A normal person will move on, apologise or trust that their body will balance out and sort it out. A second slice of cake on a special occasion my brother knows won't make a difference to his health, and if he said something inappropriate he'd sincerely apologise and they'd then move on, and if his friend he brought a present for didn't like it then he'd laugh and say a light-hearted joke like, 'well at least I'm the best at bad present buying'. I know that regret he may feel will pass very naturally.

But for us overthinking Ed warriors on the other hand... gosh we are a nightmare when it comes to wishing we hadn't said that, did that, ate that. So sadly the way we deal (cope) with it is often illogical, secretive and internal, like 'restricting, insomnia and self-harm'. Our coping mechanism is completely internal and connected to our low self-worth and esteem. While my brother and most people could easily verbally communicate or externally express their feelings, we warriors find that hard and so we suffer internally.

And when's the best time to begin all those illogical coping mechanisms.... oh yes a new year is perfect. Clean slate please for us to force ourselves regrets that we shouldn't have but are being forced to feel by our best friend, ed. I love that guy. (Please sense the sarcasm).

While this can happen at any time of the year, I believe winter time is the hardest time of year to feel mentally happy and healthy especially as the new year dawns and the tendency to 'begin badly' just like our ed wants can spark into action.

No! Wait!

New year and Christmas time can also be a wonderful and empowering time for you and your recovery journey.

Firstly, this is the best time of year to reflect on your growth and strength. Because we're wiser when we reflect on our past year than when the year is coming to a close and a new year is arriving.

I want to make not only ed-warriors aware but also help those trying to love and support an Ed-warrior aware that enjoying Christmas time can be incredibly challenging for eating disorder sufferers, from personal experience I know this all too well.

The pressure to 'be social' is one thing but the pressure to make sure that everyone is happy is another. Often eating disorder sufferers feel a dying need to 'live up to standards' and to 'please everyone'. The more people to please, the more pressure there is to please them... everyone. Eating disorder sufferers also tend to take things very personally and if there was to be tension or rage in the house we would lend towards believing that it was 'our fault' even if we had nothing to do with it.

The combination of blame and pressure builds into anxiety and internal panic attacks that we are not 'good enough' or 'worthy' of love and laughter at Christmas like everyone else. Our anxiety is already being pushed due to the emphasis on food, and the foods that go hand in hand with this particular seasons celebrations.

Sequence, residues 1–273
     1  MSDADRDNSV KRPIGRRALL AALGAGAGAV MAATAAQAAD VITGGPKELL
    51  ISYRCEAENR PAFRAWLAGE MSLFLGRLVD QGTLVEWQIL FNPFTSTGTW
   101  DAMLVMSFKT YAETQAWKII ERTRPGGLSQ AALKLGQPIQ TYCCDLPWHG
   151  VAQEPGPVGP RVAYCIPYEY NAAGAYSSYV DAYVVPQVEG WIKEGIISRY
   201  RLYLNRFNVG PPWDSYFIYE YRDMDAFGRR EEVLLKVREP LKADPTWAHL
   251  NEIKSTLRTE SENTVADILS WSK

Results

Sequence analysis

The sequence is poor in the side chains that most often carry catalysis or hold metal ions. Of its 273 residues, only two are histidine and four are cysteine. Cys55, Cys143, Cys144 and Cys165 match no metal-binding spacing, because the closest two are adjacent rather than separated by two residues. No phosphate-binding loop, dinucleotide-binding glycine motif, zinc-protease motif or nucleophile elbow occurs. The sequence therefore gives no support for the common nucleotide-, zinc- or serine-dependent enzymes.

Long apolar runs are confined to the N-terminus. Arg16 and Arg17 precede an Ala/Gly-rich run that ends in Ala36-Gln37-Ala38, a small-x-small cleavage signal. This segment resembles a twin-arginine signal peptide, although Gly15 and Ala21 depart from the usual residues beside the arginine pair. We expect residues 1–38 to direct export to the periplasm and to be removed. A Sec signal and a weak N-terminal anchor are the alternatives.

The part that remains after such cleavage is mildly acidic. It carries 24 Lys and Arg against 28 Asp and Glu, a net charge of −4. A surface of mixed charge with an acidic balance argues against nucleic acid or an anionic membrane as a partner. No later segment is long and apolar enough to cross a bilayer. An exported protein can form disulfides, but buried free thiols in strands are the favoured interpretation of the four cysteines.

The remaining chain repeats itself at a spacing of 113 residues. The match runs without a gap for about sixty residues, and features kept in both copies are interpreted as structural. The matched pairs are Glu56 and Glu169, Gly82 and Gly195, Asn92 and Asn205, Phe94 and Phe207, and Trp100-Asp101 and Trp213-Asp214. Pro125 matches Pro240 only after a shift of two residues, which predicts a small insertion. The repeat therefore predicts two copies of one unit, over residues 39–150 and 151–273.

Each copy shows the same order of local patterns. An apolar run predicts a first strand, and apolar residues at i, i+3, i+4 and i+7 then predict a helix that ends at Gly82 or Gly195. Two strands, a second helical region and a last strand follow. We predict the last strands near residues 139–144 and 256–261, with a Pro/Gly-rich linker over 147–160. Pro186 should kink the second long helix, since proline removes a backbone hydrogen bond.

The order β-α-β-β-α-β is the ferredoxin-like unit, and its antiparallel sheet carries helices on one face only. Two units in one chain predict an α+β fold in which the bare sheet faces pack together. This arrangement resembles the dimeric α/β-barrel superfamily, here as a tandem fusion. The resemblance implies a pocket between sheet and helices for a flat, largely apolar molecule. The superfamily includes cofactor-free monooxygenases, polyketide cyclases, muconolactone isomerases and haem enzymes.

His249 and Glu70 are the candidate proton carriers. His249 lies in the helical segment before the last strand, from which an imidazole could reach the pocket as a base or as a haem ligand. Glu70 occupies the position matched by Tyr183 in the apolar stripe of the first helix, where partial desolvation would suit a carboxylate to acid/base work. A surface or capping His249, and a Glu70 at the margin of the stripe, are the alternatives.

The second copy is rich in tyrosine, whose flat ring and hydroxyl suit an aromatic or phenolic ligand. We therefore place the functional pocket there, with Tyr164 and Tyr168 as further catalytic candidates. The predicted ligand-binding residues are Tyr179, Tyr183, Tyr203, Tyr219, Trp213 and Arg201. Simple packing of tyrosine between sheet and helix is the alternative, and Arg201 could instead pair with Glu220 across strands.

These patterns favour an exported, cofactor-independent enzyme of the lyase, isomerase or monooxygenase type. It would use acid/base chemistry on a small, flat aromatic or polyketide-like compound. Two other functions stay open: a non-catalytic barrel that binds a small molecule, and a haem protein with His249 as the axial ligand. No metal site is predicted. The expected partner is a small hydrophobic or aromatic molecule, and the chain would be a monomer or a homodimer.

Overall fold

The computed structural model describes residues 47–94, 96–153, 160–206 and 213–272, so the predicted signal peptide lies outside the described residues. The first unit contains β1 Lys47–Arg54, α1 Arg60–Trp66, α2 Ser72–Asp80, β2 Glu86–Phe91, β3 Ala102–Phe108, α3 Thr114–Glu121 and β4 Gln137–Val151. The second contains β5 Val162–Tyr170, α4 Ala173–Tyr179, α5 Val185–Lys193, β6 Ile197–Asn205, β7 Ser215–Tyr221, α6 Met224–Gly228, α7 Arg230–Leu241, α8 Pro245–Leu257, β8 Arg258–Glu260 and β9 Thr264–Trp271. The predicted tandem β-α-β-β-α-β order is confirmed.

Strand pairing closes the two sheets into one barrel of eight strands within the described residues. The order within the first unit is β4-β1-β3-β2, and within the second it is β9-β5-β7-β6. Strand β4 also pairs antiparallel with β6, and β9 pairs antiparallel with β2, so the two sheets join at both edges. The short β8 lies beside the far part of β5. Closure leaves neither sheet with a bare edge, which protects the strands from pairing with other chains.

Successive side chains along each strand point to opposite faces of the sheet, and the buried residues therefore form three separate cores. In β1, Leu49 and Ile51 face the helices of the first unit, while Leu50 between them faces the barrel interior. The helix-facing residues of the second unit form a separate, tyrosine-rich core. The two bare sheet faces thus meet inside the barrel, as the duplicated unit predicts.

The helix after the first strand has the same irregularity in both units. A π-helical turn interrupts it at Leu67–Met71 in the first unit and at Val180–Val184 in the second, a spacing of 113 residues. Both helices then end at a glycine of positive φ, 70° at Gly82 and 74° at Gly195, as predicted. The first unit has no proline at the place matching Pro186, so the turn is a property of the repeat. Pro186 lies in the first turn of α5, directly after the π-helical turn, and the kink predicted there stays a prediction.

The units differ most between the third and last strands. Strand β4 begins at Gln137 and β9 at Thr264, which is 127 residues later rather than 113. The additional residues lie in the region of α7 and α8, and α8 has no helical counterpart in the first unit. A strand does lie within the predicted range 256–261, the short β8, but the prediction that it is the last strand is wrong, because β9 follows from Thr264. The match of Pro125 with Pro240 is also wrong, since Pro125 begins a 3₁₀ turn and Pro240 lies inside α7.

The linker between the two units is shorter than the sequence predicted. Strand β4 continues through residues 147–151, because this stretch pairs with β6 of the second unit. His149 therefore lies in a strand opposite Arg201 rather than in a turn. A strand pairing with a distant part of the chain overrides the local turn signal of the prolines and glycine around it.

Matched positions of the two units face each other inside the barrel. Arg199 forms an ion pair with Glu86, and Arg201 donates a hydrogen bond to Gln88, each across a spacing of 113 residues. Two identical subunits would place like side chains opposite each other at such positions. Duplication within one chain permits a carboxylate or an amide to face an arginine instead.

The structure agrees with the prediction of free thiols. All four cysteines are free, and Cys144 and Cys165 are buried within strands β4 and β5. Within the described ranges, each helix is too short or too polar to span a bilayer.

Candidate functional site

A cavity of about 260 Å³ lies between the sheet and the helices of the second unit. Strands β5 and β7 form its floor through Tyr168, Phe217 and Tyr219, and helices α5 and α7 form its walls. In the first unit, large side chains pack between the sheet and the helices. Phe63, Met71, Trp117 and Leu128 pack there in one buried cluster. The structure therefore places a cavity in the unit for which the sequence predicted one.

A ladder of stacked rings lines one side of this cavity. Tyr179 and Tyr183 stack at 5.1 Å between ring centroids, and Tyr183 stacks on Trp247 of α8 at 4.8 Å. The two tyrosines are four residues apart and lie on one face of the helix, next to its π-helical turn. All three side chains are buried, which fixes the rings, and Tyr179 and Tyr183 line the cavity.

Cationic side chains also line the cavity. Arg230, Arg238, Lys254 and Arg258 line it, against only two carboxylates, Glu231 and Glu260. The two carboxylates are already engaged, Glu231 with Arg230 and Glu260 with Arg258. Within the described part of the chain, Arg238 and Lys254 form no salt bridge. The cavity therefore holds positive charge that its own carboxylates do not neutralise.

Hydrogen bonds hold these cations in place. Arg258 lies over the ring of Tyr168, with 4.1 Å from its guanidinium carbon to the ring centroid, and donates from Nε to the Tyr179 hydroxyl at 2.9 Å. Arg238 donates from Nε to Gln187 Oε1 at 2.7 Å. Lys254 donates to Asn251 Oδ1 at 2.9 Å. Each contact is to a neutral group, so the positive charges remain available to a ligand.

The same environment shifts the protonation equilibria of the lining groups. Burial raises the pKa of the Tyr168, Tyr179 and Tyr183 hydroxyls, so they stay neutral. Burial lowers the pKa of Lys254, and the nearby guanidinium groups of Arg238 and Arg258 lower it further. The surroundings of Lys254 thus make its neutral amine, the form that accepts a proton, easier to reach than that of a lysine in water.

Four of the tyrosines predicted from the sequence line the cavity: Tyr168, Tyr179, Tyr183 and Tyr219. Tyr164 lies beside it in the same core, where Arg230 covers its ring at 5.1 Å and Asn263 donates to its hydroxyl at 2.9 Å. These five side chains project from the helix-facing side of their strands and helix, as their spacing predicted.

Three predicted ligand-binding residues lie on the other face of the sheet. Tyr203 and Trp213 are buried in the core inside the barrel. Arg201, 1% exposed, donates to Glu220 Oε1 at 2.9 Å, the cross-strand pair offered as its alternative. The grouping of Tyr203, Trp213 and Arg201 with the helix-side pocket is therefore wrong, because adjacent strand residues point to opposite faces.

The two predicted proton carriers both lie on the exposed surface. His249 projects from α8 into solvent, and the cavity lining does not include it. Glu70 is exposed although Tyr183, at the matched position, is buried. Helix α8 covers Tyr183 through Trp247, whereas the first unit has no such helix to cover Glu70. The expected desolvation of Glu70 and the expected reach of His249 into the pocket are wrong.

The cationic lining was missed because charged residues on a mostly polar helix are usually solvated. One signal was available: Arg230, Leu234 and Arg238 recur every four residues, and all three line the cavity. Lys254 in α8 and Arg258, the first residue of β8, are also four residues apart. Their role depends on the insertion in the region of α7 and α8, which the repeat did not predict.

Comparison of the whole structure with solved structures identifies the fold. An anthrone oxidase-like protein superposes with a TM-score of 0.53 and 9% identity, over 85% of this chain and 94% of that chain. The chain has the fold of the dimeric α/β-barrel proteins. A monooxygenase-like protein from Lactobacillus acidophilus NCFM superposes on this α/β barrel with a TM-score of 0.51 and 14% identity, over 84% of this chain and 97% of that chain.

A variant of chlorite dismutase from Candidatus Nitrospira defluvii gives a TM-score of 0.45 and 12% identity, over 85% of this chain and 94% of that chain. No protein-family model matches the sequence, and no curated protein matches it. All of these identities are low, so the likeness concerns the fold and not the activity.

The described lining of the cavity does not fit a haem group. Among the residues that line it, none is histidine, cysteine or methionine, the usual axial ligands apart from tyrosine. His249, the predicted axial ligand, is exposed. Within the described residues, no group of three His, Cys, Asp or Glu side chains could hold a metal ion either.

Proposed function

Our low self-worth is echoed by the dark and cold nights that draw closer in day by day. Guilty thoughts and loneliness creep like silent yellow-eyed wolves that crawl out from the darkness outside and reflect in our very own dark thoughts inside.

Our last two Christmas holidays as a family have not been great, in fact, our last six haven't been great but the last two, in particular, were very bad. In Christmas 2016 I was at my lowest weight, inpatient care was being talked about every day and what felt like every breath I had with my parents became a worry. I had never felt so ill and the atmosphere of my ill-health destroyed the joy of Christmas that year. A year on in Christmas 2016 I had arrived at my 10 month anniversary of beginning recovery. After Christmas 2015 it took me until spring to step forward into recovery and there I was 10 months later.

2016 Christmas I was weight restored and entering my overshooting phase. My head was a mess and I felt lost. I hated the way I looked more than ever, I felt like a failure and a fake. My mind was still wrapped inside anorexia but my body looked normal and if not normal a little swollen and bloated from my 10 months of solid weight gain. My mind to body connection was inexistent, I had no ability to 'intuitively eat' as my mind didn't trust my appetite. My body still panicked and froze in weight gaining mode even when I only needed to maintain. This made Christmas very deflating and at times I felt incredibly lonely which impacted my family.

However.... this Christmas we are all going to be strong and we are going to encourage only feelings of worth, love and appreciation.